Higher EducationPrimary EducationScience

Inquiry First, Talk Later

The first week of classes are in the bag at my university where I’m currently teaching a class called “Foundations of Science: Physics, Earth Science, and Inquiry based Projects.” I’m teaching K-8 physics and earth science concepts primarily to education majors, but in a way that neither they nor I have learned science before. As countless articles and research papers have suggested over the decades, we’re going to learn first by doing.

The class starts with a group activity exploring some concept in physics or Earth science. The students work through the activity together while I float around the classroom and help where needed and monitor progress. Only once they have completed the assignment and turned in their worksheets do we delve into a lecture and discussion of the topic at hand. By learning, through inquiry first, we hope that students will gain a better understanding of the science at hand.

But this is a meta-class of sorts, as learning the science content isn’t the primary goal for my students. Rather, I’m hoping to show them how to teach science through these hands-on activities, as these will come in handy in the changing education climate that they will be entering. Illinois is a Next Generation Science Standards state, and these new standards are especially focused on science and engineering practices.

So far, this class system is working well, though we’re only two classes in. It helps having access to a resource center full of science demos, labs, and toys. I hope the students are enjoying it as well. At least you can’t fall asleep in an active group of three or four when your class is at 8am! I hope to have more updates on this cool classroom structure as the semester continues.

Featured Image CC Amy on Flickr

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Nicole is a professor, astronomer, educator, geek, dog mom, occasional fitness nerd, and maker of tiny comets. She is also very loud under the right circumstances. Like what you read? Buy me a coffee: https://ko-fi.com/noisyastronomer


  1. August 24, 2014 at 7:28 pm —

    I hope you keep us posted on how this goes!

  2. August 24, 2014 at 9:11 pm —

    You’re probably already doing this, but keep in mind that to really teach your students to use these types of activities when THEY become teachers, you need to explicitly discuss what and why you’re doing it. This concept is generally true – as I try to teach my students about how the scientific method distorts or explains how science works, I do more than just present inquiry activities or discuss historical examples where science is carried out counter to a step-by-step scientific method. I also ask them questions about how the science here differs, and why that’s okay. And also as you probably know, inquiry-based lessons need to be distinguished from “discovery learning”. The DL buzzword tended to refer to asking students to come up with everything on their own, and often doesn’t ensure that students leave with accurate conceptions.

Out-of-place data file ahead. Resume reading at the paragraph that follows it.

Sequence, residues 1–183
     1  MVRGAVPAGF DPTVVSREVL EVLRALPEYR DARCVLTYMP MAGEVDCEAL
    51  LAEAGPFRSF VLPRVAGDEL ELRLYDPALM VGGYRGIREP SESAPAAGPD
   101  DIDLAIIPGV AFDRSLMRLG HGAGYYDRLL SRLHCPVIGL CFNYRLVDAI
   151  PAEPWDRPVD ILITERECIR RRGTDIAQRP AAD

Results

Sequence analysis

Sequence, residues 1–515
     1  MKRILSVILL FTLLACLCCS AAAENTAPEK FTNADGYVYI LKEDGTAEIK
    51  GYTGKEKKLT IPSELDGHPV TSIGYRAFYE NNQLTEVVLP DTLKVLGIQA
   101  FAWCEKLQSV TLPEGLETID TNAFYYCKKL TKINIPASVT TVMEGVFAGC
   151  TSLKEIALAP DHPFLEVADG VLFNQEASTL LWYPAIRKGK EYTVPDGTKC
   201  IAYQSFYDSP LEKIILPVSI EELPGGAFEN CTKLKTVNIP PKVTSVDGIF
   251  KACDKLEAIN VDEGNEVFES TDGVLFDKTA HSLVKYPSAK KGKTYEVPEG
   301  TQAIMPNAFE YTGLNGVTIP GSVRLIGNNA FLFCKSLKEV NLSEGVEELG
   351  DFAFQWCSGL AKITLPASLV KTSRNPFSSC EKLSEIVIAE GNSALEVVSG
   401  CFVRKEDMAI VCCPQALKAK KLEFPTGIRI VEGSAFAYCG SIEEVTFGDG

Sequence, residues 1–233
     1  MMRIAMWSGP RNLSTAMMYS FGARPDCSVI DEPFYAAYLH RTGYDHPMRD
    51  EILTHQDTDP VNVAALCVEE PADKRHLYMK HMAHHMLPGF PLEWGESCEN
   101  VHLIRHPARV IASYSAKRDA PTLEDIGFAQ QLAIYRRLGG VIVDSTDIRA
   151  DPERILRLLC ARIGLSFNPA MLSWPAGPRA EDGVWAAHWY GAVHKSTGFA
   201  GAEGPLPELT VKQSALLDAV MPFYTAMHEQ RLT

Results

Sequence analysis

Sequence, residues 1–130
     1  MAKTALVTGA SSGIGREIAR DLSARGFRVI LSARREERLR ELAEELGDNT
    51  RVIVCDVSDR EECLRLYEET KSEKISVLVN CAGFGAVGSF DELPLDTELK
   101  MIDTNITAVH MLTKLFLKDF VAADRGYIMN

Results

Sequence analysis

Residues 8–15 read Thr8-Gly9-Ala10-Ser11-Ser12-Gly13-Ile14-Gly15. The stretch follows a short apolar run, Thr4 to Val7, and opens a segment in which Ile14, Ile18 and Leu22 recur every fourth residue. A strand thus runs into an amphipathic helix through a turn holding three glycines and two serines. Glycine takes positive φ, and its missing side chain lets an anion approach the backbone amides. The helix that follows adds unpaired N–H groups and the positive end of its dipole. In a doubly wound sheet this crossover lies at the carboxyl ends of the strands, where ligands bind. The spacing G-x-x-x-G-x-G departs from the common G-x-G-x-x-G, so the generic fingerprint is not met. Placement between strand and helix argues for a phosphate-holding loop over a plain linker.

In contrast, what you say: “The students work through the activity together while I float around the classroom and help where needed and monitor progress” is vitally important. We shouldn’t expect students to spontaneously reinvent great discoveries that took hundreds of years to develop. The teacher’s role is to scaffold and guide students to accurate conceptions. A lot of teachers who are reluctantly forced to shift from lecture to inquiry try it a few times without supporting their students, then use their students’ failure to learn as evidence that inquiry doesn’t work!

    Good luck with the new class and don’t lose heart – I’m certain that this method can and will pay dividends for you and your students (and their students)!

  3. August 27, 2014 at 6:46 pm —

    This is the method that I use to teach most of my classes, I find lecturing to be exhausting. This method it is all in the prep-work, and then you actually spend time in class learning and learning how your students actual learn so that you can better prepare future lessons.
    Two pieces of advice I would give to you and your students 1) If the lesson does not work it does not mean that the concept of what you are trying to do is bad. The difference between a lesson working and not working can be as simple as material distribution or scaffolding a difficult question by breaking it apart into a few smaller questions that guide the way through the thought process or even the difference between how a brain trained in science thinks and how other people’s brains work. I can’t tell you the number of times I grabbed a special ed teacher and asked “What is wrong with this question? I am trying to get this answer.” It has greatly improved my lessons. It might be an interesting exercise to have a lesson that does not go well and have the class problem solve ways to improve it.
    My second piece of advice is when working with kids, especially ones that are used to rote answers, it is important to communicate with them and their parents that this method is different and it may take some time to adjust. I usually tell my classes on the first few days of school that in the month of September they will hate me and hate this class, but most people like my class by October.

    Good Luck with that class I’m sure you will love it.

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